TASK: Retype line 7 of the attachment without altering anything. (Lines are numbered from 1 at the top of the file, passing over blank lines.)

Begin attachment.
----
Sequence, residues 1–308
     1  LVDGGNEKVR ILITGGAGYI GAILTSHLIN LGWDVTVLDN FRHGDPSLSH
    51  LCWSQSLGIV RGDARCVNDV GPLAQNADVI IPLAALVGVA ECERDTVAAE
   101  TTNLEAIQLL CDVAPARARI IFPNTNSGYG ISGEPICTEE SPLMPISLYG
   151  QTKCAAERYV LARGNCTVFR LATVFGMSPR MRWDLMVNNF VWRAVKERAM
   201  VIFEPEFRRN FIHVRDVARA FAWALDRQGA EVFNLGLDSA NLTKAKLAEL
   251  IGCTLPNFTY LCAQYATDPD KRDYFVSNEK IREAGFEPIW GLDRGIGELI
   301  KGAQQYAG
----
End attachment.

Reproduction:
   251  IGCTLPNFTY LCAQYATDPD KRDYFVSNEK IREAGFEPIW GLDRGIGELI